At some point, this might stop being fun for Alexis King. The hours spent in the car, driving from one tournament to another, raising two kids along the way. The qualifying tournaments, juggling work life as an instructor with her tennis career.
At 31, most tennis players would be at the point where age and activity combine to wear the tread on the tires of most careers, as sore muscles and joints give way to skill erosion and earlier exits.
But today is not that day for King, the University of Florida graduate who has found peace of mind and success on the USTA Pro Circuit Tour, and on Tuesday qualified for the main draw of the $10,000 Hilton Head event, hosted by the Van der Meer Tennis Center.
Now in its 22nd year, the tournament welcomes young professional players looking to add up ranking points and reputation in order to hopefully launch themselves into the WTA.
For King, that is an aspiration that, in all reality, has come and gone. But her competitive spirit is far from extinguished.
This week, back at the place where she took the singles title in 2010, is the first time she has had to survive the qualifying bracket.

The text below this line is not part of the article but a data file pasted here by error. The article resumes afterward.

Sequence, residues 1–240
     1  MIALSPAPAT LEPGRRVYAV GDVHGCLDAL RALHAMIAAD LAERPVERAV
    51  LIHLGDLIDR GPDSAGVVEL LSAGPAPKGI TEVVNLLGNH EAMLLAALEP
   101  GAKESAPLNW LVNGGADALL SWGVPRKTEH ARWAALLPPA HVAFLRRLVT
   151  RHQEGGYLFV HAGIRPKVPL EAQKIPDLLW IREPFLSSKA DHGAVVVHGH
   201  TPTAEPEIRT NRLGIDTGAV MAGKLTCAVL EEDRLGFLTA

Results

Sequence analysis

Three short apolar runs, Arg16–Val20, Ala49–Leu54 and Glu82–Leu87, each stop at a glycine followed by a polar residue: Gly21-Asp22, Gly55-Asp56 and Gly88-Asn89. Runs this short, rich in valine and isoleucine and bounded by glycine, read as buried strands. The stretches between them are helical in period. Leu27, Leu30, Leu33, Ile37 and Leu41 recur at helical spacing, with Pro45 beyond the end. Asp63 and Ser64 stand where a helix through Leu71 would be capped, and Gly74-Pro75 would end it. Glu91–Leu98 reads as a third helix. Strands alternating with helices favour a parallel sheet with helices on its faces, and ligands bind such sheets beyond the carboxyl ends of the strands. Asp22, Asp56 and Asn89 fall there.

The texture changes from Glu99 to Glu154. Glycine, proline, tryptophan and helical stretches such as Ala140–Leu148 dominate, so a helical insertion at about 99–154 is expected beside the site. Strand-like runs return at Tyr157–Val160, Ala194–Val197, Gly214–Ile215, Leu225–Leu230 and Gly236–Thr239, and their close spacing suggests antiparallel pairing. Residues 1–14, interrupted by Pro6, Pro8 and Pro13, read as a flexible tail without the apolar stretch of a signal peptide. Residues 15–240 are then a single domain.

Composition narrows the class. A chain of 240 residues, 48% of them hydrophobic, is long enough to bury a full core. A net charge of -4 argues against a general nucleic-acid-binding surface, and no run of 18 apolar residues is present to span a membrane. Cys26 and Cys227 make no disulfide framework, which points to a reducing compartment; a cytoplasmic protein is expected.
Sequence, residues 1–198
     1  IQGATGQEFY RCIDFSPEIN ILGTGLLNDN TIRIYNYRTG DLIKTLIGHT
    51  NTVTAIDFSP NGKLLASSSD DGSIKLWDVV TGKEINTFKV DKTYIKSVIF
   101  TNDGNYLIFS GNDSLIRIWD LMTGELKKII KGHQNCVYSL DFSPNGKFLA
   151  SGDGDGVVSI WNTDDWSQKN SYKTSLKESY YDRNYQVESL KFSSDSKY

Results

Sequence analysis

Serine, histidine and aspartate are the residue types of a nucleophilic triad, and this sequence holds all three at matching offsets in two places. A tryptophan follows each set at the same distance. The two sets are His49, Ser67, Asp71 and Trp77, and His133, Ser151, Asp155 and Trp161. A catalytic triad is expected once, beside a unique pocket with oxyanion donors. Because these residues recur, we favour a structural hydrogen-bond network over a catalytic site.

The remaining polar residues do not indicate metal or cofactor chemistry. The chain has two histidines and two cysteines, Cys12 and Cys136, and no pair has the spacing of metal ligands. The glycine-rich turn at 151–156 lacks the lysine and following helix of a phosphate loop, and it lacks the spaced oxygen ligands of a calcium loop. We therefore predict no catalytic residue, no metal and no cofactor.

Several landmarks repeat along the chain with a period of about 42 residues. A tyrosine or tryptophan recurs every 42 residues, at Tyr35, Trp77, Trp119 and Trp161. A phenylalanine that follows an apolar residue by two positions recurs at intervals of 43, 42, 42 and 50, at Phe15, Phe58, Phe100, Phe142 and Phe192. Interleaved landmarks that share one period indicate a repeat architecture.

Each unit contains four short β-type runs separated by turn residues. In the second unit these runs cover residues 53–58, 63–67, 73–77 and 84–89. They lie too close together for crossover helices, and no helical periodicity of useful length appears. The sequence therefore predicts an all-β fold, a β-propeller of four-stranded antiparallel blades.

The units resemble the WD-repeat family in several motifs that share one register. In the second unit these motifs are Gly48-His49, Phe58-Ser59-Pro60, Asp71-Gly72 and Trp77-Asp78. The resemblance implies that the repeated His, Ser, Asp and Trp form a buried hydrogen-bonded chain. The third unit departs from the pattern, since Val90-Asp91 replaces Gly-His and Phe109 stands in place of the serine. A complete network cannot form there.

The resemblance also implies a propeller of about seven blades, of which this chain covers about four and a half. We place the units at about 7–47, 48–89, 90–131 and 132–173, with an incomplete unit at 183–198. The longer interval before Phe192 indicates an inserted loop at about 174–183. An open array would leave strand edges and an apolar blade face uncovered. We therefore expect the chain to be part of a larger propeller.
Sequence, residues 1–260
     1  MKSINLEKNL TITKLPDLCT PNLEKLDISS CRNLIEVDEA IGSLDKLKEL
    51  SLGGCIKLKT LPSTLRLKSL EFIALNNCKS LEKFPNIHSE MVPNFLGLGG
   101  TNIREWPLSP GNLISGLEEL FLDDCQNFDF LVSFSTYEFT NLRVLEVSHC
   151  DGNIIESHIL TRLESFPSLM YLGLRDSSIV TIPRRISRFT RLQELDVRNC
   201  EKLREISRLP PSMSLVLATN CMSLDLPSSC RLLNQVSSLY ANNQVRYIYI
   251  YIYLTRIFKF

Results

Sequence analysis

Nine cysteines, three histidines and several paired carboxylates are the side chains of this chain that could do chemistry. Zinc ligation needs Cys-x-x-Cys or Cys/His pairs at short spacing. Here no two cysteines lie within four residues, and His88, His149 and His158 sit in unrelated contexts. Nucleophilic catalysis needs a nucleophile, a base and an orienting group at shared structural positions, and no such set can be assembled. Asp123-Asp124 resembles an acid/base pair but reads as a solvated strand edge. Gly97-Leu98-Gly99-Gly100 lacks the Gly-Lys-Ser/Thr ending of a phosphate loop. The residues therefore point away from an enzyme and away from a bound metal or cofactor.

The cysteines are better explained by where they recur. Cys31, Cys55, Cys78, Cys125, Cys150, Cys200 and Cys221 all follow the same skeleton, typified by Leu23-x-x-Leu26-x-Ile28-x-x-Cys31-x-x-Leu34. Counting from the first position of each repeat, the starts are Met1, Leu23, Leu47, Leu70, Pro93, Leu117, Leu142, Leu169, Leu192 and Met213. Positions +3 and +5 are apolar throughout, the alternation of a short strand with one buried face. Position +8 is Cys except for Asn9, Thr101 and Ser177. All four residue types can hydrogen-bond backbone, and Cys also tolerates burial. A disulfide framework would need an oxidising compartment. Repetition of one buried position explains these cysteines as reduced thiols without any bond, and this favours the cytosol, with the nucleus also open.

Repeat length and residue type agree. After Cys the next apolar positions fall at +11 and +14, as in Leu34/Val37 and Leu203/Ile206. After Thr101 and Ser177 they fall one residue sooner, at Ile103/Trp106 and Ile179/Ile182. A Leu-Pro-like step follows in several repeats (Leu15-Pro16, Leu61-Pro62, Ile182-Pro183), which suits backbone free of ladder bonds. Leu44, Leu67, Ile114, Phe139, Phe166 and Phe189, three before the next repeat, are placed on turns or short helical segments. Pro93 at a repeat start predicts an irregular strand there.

She remained calm and was happy to have a spot in the main draw, and another match to play.
"It's very special to me," King said. "This is the first tournament I won after having my second child. I love the atmosphere. The beach is right up the road. Bringing the kids, it's almost like a vacation."
King said she likes the courts, seeing friends she has made in past appearances on the island, and the intimate setting the tournament offers. At this point in her career, King said her goal is to enjoy the competition and play as much as she can.
"Just to have the ability to come out and be able to play at my age, and play and compete against these girls, is enough for me," King said.
King is in a different place then most of the young players at this week's event, most of whom are between 18 and 24. She said she relishes the opportunity to mentor some of them, and steer a few of the college-bound athletes toward Gainseville and the perennially powerful Gators tennis program.
In between tournaments, she raises her two home-schooled daughters, Imani, 9, and Maniah, 5.
"We can take them with us, they can kind of hang in there when we've got to get up for the matches early in the morning," King said. "They're kind of used to this."
At one point, King was ranked as high as No. 345 in the world, but if her overall goals have changed, her desire to win hasn't.
"When I'm sitting at home -- some tournaments I don't play -- I'll still look at the draws," King said. "I do get riled up about it. But all in all, I'm just happy to be playing. For me it's almost like a getaway. "
Play in the 32-player main draw began Tuesday and continues Wednesday.
USTA Pro Circuit ITF Head/First Federal Women's $10,000
Tuesday at Van Der Meer Tennis Center